LePage proposed to suspend pandemic-era taxes and fees to fight inflation. There’s little for him to roll back.

Most taxation bills have been related to exemptions since 2020 as Gov. Mills has remained wary of going against campaign pledge to not raise them.
Former Maine Governor Paul LePage stands at a podium with microphones during a press conference.
Republican gubernatorial candidate Paul LePage during a July 2022 press conference. Photo by Samantha Hogan.

In the first debate of the gubernatorial campaign, famously tax-critical former Republican Gov. Paul LePage suggested he would suspend all new taxes put in place since the pandemic began to combat inflation.

The comment Tuesday evening was not out of line for LePage, who was governor for two terms and is seeking a third. One of his signature policies was to reduce the state’s top marginal individual income tax rate from 8.5 percent to 7.15 percent in 2011. He has since proposed eliminating it altogether.

But Maine has not introduced new taxes since the pandemic began, according to the state and a review of the Legislative Taxation Committee bills from 2020 to 2022. That has been partially due to Democratic Gov. Janet Mills’ strong aversion to anything that might look like a tax increase during her administration, something that has occasionally put her at odds with progressive members of her caucus. 

The tax suspension idea from LePage came after he said he also would consider suspending the diesel tax to help reduce inflation on foods trucked into the state as part of an overall plan in the event of a recession and revenue drop in the state. He said such suspensions — if he were re-elected — would be kept in place until inflation dropped.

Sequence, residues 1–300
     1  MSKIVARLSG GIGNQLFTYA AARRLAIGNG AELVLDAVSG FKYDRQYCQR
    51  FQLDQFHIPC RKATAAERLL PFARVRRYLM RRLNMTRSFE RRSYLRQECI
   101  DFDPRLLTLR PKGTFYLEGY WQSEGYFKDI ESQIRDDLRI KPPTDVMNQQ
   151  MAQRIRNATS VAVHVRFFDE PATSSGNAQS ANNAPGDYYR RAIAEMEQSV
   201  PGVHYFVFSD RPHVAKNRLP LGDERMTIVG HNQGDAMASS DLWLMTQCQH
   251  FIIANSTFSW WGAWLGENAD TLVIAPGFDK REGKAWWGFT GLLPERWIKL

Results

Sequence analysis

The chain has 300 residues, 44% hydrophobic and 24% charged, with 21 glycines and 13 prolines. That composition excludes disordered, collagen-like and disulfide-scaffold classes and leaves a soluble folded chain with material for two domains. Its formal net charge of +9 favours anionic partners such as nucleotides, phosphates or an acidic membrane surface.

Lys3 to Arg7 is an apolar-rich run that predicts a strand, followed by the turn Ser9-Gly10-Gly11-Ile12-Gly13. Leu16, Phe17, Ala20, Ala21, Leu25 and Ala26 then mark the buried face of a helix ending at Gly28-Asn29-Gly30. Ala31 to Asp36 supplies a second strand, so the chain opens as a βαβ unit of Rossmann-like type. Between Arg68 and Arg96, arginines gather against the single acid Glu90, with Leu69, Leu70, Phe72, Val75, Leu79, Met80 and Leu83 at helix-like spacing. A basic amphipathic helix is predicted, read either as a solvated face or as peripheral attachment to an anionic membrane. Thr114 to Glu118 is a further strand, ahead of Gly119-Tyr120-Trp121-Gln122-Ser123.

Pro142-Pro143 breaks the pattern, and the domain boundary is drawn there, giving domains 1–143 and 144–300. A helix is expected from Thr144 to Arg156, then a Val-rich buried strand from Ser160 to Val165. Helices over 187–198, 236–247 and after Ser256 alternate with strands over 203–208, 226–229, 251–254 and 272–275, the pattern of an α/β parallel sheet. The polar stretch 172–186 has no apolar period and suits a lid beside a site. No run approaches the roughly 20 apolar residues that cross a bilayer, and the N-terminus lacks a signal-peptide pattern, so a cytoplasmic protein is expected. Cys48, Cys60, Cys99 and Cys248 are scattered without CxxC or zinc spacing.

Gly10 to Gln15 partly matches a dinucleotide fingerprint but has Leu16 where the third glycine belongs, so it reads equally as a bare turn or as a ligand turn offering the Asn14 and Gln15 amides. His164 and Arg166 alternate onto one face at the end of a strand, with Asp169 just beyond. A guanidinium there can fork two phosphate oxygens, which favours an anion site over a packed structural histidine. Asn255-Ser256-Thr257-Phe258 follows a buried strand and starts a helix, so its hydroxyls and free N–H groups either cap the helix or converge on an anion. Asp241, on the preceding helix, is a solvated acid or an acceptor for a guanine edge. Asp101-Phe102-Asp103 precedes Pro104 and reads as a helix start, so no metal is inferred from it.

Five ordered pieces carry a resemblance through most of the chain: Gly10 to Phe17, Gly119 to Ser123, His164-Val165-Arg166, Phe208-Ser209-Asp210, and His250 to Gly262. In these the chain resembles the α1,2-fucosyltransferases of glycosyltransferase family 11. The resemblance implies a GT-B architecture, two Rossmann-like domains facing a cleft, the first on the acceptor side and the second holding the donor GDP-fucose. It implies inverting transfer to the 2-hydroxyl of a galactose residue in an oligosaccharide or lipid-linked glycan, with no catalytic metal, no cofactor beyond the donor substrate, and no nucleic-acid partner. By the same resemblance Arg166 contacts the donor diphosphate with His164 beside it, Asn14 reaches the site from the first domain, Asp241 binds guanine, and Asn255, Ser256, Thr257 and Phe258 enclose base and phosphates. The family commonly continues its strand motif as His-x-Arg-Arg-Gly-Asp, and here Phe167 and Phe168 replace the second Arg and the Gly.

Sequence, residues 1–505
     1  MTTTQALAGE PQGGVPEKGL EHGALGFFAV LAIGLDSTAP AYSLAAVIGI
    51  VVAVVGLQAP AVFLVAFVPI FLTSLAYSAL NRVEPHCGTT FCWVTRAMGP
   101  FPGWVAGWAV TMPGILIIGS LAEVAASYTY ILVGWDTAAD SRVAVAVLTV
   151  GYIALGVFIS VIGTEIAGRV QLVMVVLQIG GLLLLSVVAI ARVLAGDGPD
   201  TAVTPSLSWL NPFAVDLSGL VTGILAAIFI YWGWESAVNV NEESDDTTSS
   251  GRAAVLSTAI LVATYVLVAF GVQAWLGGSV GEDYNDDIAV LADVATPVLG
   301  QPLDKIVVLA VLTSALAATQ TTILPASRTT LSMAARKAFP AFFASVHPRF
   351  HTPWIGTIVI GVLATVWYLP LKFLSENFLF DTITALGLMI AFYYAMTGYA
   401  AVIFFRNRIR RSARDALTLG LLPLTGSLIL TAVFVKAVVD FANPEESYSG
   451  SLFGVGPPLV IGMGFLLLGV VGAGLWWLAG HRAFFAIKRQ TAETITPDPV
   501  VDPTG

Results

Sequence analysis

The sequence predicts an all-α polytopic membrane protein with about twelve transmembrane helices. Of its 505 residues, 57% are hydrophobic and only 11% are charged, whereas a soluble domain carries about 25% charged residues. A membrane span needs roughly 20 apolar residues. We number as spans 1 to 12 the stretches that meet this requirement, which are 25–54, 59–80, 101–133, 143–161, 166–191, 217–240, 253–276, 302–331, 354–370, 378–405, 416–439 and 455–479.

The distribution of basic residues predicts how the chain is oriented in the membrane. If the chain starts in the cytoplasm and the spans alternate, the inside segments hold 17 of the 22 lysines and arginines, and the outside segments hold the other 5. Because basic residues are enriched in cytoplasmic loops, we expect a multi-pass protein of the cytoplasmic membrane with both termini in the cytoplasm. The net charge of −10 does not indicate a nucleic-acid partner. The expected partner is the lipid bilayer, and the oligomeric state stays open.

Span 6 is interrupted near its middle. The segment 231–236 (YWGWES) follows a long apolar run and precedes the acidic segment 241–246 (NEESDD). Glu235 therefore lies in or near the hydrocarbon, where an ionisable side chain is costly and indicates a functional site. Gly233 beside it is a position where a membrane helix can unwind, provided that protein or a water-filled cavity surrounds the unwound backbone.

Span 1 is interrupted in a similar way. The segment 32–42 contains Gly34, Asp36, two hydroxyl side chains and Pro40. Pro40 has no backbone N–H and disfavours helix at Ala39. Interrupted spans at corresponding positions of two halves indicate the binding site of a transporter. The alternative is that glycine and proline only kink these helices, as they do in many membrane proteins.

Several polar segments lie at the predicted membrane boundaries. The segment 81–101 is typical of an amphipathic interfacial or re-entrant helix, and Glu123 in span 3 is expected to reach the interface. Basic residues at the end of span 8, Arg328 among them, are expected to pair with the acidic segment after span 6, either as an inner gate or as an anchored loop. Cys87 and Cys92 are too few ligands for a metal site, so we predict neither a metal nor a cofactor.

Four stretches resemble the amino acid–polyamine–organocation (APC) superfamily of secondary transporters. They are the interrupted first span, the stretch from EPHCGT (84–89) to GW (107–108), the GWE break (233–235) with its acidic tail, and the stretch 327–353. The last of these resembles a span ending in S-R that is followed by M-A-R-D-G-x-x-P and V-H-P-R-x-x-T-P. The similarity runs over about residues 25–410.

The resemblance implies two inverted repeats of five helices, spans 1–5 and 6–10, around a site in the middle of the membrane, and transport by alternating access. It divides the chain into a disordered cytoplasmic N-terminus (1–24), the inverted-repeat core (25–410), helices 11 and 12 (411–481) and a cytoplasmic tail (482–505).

“I would take a look at suspending all taxes that were put in place since the pandemic,” he said. 

“You might suspend them until we reach an inflation rate of 2 percent.”

After the debate, the LePage campaign clarified the statement was also meant to encompass regulatory fees, pointing specifically to the law that bans single-use plastic bags and charges consumers for 5 cents for a carry-out bag. That law was passed in 2019 and slated to go into effect in the spring of 2020, but was pushed back for over a year during the coronavirus pandemic.

Taxation bills can be hard to track because not every bill is easily defined as such, according to the nonpartisan Legislative Law Library in the State House. But the 56 bills that passed through the taxation committee included anything from technical changes to several tax exemptions, including nonprofit youth camps, affordable housing projects, and firearm containers

Lawmakers also approved a measure that required municipalities to freeze the property tax rate of older Mainers if they had lived in their home for 10 years. Most of the bills’ fiscal notes either included nominal general fund revenue increases, decreased general fund revenue or had negligible impact.